On 21 January, we posted a guest post by Trevor Cooper Contested heritage – A review of the Church of England guidance which summarised the current position in the Church of England on memorials related to slavery, and its May 2021 guidance “Contested Heritage“. In his post, Trevor compared this to the secular position, and discusses a number of aspects that might usefully be subject to further development.
The Cathedral and Church Buildings Division of the Church of England is currently seeking expressions of interest from “people with the time and skills” to serve on the Church Buildings Council or one of its voluntary expert committees. The CBC has also announced that it is establishing a new Contested Heritage Committee, which “will focus on the Church’s priority of racial justice as it is manifested in the material culture in our churches and cathedrals”. Relevant sections from the announcement are reproduced below.
Expressions of Interest Sought: the Church Buildings Council and its committees
Contested heritage committee
The Church Building Council is establishing a new Contested Heritage Committee. This committee will focus on the Church’s priority of racial justice as it is manifested in the material culture in our churches and cathedrals. The committee will:
- advise the Church Buildings Council and Cathedrals Fabric Commission for England on all matters relating to contested heritage policy.
- provide advice to the Council on faculty applications relating to contested heritage referred to the Council by parishes, dioceses or Chancellors.
- provide advice to the Commission on applications submitted by Chapters relating to contested heritage.
- support the Cathedral and Church Buildings Division in identifying and prioritising resource provision needed by parishes, dioceses and cathedrals with their work around contested heritage. This may include:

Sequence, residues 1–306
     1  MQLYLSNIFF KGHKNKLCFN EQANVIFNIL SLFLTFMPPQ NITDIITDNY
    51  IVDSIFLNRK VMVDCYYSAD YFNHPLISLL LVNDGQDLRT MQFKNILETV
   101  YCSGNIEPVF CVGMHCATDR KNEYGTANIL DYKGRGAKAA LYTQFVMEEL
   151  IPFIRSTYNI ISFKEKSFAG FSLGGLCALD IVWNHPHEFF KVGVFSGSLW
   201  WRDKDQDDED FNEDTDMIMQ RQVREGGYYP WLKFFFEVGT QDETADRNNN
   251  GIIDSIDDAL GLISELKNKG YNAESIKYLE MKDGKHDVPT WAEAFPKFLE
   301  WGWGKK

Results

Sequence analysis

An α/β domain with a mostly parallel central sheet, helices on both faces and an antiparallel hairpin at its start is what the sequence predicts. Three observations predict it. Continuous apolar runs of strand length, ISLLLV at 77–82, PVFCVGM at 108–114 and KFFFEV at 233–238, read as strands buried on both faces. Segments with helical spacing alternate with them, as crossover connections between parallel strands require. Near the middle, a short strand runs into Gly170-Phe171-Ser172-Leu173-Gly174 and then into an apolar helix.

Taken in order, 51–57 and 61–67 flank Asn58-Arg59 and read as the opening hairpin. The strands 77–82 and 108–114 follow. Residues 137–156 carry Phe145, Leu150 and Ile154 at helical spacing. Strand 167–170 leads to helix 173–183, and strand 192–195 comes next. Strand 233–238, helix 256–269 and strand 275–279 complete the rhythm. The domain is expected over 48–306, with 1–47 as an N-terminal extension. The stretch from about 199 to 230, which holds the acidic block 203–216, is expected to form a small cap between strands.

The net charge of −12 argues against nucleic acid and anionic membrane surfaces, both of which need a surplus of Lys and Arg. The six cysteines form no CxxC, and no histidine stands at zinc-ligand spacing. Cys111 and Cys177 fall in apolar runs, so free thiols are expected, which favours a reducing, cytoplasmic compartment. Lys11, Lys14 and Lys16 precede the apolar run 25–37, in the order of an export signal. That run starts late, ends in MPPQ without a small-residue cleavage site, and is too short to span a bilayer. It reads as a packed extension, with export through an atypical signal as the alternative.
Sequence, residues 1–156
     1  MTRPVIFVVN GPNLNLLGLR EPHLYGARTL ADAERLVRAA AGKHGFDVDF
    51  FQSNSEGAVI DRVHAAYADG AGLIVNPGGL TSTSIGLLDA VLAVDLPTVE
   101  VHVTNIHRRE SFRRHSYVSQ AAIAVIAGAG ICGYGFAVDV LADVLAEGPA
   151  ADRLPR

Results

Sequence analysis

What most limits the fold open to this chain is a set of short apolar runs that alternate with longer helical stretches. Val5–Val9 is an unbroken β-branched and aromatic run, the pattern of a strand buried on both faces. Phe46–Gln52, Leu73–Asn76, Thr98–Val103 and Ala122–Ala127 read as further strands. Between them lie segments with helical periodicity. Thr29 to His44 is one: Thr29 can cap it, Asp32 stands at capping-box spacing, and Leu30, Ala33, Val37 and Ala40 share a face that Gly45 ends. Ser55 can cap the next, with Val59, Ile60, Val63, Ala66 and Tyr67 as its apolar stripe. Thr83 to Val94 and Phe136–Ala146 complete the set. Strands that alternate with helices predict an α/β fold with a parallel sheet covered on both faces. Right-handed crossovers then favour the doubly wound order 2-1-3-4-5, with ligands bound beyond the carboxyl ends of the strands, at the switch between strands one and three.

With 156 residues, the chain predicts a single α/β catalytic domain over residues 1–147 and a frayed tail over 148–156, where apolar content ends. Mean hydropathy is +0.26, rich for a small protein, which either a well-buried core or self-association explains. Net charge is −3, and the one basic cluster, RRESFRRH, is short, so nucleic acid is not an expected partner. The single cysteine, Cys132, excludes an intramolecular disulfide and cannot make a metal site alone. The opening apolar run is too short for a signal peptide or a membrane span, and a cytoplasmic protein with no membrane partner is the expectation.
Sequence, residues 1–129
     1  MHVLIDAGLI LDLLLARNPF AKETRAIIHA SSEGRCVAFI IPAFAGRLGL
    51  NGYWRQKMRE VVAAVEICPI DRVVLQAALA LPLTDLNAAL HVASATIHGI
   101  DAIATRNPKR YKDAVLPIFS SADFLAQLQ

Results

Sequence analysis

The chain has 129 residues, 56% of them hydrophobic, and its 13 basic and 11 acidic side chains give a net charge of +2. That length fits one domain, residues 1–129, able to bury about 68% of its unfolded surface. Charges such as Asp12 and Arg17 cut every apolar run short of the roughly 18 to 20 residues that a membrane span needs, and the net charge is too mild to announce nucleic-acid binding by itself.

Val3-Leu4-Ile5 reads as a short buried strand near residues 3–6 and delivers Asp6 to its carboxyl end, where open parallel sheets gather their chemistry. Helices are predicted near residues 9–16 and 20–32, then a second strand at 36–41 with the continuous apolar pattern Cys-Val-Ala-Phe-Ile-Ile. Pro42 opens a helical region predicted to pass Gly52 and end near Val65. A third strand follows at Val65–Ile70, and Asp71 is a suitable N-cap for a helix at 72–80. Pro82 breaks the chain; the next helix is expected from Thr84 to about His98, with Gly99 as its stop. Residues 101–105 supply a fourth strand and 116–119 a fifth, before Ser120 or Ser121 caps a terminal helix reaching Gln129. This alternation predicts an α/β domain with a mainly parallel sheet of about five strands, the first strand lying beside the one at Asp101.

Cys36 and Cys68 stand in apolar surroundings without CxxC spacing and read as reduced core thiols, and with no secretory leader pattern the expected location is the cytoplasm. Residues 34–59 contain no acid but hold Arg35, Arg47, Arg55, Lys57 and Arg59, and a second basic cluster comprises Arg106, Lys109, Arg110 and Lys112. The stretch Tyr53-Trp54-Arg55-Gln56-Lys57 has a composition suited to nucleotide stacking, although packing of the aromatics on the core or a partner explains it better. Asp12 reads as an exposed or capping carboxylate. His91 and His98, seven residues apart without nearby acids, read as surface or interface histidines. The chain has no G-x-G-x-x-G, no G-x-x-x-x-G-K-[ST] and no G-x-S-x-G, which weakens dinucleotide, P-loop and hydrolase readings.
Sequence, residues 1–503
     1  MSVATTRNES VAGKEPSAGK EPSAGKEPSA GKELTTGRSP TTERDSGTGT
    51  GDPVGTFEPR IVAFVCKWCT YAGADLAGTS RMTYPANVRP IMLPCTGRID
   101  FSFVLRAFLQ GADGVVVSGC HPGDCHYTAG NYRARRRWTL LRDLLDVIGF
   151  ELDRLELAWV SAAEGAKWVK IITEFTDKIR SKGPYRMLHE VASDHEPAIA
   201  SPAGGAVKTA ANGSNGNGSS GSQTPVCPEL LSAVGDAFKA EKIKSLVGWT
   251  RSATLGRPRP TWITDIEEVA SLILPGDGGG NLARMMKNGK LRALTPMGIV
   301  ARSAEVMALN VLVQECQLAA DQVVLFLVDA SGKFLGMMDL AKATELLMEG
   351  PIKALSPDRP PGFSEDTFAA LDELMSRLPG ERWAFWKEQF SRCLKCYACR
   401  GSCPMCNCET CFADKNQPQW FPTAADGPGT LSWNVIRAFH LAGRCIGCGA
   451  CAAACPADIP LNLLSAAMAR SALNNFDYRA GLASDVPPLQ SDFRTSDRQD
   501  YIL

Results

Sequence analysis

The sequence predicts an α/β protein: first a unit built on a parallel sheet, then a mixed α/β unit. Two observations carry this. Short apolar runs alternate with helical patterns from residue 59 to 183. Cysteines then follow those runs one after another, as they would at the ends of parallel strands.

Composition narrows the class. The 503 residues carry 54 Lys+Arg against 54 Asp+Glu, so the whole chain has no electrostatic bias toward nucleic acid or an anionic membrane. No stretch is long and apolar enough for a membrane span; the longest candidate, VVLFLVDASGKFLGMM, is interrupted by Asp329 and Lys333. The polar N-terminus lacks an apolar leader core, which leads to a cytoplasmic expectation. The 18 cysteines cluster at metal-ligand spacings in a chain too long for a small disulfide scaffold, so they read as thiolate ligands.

- advice on sources of information when researching people and places, including those whose stories have not been traditionally told;
- how and who to consult to add to the histories that are currently under-represented by the contested heritage
- interpretation of contested heritage in an ecclesiastical setting.
- review the current national guidance
- advise the Council on long-term needs relating to contested heritage
The focus of the committee’s work will be on racial justice though the committee may consider objects associated with other forms of contested heritage. The committee will meet 3-4 times a year as needed, either in person at Church House, London or online. Business will also be conducted via email. Site visits will sometimes be undertaken, with an expectation of 1-2 visits per year per member.
It is seeking people with expertise in a number of areas:
- Social and economic history, specifically knowledge of 17th-19th Century slavery and industrial history
- 17-19th Century ecclesiastical sculpture, monuments and memorials
- Visual culture, with a strong understanding of the interplay of politics, art and cultural boundaries; the implicit and explicit representations of works of art, their display, and impact on communities; an understanding of ecclesiastical objects within their spatial context.
- Communications experience relevant to advice on communicating evidence-based narratives; with community liaison experience to promote engagement, offer strategies for increasing representation, and provide strategies to assist in communicating different issues to stakeholders.
- Interpretation of ecclesiastical culture.
- Liturgist with an understanding of racial justice.
Applications for all the CBC posts close at 23.59 on Sunday 27 March 2022; further details are here.
Issues relating to “contested heritage” were first broached on this blog in October 2015, but since June 2020, posts on this area have been more frequent. Trevor Cooper’s recent post will perhaps be of use to potential applicants for the committee, as will the on-going debate on the Rustat Memorial at Jesus College, Cambridge. However, whether Archbishop Welby’s remarks on Jesus College case “were ill-timed”, as suggested in the letter in the Church Times by Charles George QC and John W Bullimore, will be a telling shibboleth for both applicants and indeed for the committee itself.